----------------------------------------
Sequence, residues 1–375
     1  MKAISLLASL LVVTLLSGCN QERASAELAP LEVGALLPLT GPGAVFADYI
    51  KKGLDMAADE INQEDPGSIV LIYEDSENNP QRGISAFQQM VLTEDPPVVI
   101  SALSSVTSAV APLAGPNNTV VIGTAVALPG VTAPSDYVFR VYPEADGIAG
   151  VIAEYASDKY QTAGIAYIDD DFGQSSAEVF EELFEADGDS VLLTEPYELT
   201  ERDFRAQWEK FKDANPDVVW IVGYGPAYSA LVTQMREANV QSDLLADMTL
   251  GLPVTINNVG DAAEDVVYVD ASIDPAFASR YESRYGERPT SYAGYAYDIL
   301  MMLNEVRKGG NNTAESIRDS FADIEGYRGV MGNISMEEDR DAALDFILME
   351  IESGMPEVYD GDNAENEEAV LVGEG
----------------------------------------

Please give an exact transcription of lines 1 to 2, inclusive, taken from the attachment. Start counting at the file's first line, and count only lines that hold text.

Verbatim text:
Sequence, residues 1–375
     1  MKAISLLASL LVVTLLSGCN QERASAELAP LEVGALLPLT GPGAVFADYI